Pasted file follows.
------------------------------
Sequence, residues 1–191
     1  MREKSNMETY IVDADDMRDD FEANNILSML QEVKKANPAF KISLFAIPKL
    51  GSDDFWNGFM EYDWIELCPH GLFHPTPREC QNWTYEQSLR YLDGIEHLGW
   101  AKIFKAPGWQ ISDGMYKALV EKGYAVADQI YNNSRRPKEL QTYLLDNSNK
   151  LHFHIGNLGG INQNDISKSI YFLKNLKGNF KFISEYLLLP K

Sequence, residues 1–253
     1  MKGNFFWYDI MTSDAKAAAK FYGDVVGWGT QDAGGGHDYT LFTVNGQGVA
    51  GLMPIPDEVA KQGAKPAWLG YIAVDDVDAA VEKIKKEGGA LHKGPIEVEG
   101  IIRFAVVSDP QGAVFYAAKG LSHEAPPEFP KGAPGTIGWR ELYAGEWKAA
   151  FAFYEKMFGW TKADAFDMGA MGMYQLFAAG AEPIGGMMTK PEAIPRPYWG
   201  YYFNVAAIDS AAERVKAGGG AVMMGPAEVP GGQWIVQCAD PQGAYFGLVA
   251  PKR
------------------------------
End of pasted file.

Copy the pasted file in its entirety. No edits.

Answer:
Sequence, residues 1–191
     1  MREKSNMETY IVDADDMRDD FEANNILSML QEVKKANPAF KISLFAIPKL
    51  GSDDFWNGFM EYDWIELCPH GLFHPTPREC QNWTYEQSLR YLDGIEHLGW
   101  AKIFKAPGWQ ISDGMYKALV EKGYAVADQI YNNSRRPKEL QTYLLDNSNK
   151  LHFHIGNLGG INQNDISKSI YFLKNLKGNF KFISEYLLLP K

Sequence, residues 1–253
     1  MKGNFFWYDI MTSDAKAAAK FYGDVVGWGT QDAGGGHDYT LFTVNGQGVA
    51  GLMPIPDEVA KQGAKPAWLG YIAVDDVDAA VEKIKKEGGA LHKGPIEVEG
   101  IIRFAVVSDP QGAVFYAAKG LSHEAPPEFP KGAPGTIGWR ELYAGEWKAA
   151  FAFYEKMFGW TKADAFDMGA MGMYQLFAAG AEPIGGMMTK PEAIPRPYWG
   201  YYFNVAAIDS AAERVKAGGG AVMMGPAEVP GGQWIVQCAD PQGAYFGLVA
   251  PKR